AMA Custom Blocks Contest Edition #1 - Getting Started with the Airtable Product Team (Live on Wednesday 6/10)

Thank you, @Kasra. The picture is becoming a little more clear to me how $ block ... --remote handles this, and the questions in my head are kind of morphing as my understanding of it changes.

In particular, are you exploring ways to make keeping Custom Blocks updated a more seamless process for both creators and consumers of those blocks?

Technical question: do blocks allow for real-time updating of records within Airtable? Meaning, within my block, can I hit the Airtable API for the base that the block is installed in? I’m assuming yes since it’s just React within the block, but would I need the base user to put in their Airtable API token in the onboarding process within the block?

For a simple example if I wanted to get weather data every 10 minutes from an API and update a record within the base (and use the Block for another purpose like displaying the weather trends in near-real time), do you see any hiccups there? I’m not sure about the API rate limits.

I haven’t built on the Airtable API before so apologies if these questions are easily answered elsewhere.

I’m having some trouble getting some of the examples to install. Where do you suggest going for troubleshooting info on getting started? It can be hard to tell if my issue is an npm issue, a node issue, a react issue, or what. I haven’t worked in react before.

Thank you, I’m happy to hear it’s been a pleasant experience so far :raised_hands:

Can you give an overview of how setPathsAsync function works behind the scene and how much more performant it is for nested objects?

Both setAsync and setPathsAsync let you update nested values by passing in a path for the key. This is important if you want to avoid clobbering the other parts of the object if multiple users are writing to different parts of that object.

setPathsAsync is useful if you want to update multiple keys/paths in different parts of the tree in one shot. This is more performant than calling setAsync a bunch of times in rapid succession since setPathsAsync will end up making a single network call.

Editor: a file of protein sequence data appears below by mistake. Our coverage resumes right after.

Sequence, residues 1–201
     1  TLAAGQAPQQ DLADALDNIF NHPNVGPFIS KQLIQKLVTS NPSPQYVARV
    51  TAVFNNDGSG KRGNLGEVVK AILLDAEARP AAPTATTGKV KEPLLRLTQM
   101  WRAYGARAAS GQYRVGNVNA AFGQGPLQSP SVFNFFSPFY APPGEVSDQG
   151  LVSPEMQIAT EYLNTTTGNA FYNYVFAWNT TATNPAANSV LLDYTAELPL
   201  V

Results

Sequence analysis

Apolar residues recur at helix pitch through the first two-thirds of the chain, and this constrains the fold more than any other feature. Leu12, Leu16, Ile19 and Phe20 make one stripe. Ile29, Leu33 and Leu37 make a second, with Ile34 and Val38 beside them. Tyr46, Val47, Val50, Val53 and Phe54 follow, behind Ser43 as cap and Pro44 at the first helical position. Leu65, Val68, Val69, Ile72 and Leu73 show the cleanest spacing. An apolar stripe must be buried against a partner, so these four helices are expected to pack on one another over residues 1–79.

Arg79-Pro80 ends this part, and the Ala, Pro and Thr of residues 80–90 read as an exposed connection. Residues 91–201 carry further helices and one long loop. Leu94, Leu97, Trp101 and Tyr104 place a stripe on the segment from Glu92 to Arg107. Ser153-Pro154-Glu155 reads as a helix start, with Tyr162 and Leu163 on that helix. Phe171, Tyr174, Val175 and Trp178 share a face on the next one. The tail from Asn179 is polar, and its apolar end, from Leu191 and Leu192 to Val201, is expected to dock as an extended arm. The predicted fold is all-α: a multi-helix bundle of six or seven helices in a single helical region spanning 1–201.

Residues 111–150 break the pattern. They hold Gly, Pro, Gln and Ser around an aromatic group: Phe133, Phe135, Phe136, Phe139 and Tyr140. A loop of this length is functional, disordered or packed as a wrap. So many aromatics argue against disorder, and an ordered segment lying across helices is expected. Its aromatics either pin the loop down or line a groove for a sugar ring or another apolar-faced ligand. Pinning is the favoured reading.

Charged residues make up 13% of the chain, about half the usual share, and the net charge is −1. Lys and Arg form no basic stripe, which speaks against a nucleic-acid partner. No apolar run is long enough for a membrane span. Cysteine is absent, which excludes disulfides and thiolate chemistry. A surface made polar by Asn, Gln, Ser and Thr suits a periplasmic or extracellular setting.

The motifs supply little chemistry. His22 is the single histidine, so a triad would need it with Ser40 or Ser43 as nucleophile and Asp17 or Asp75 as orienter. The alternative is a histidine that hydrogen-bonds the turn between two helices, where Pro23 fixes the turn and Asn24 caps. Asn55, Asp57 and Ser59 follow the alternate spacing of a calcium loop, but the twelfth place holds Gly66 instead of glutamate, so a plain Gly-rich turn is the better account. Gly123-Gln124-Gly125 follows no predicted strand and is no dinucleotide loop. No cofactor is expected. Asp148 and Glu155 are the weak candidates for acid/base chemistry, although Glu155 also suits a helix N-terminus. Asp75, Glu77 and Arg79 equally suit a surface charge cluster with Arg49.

one of the other thing my Blocks app does is aggregating _changeCount values across records. I noticed that it doesn’t actually increment by 1 as it should. What’s happening here?

Any methods or variables that begin with an underscore (_) are private SDK internals and aren’t documented, so you shouldn’t rely on them in your code since their behavior may change at any point.

Is there a way to get data about specific record history?

There isn’t an API for getting this information at the moment, but I’ll note your +1 for it! Out of curiosity, what are you hoping to build with it?

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@Ashwin_Kumar – yes; Custom Blocks have a direct API with the base they are installed in; no need to use the REST API from within the Custom Block (unless you are wanting to interact with a completely separate base). You can simply call table.updateRecordAsync() to make updates to records within the base.

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Hi @kuovonne!

We don’t have details to share on a developer plan yet, but rest assured that our intention is to make Airtable even more accessible and affordable for developers. We will continue to support developers to build blocks for free (e.g. connect blocks-cli etc.) and are looking to make the full custom blocks functionality - that pro users have - available to developers on a special developer plan. More exciting things to come!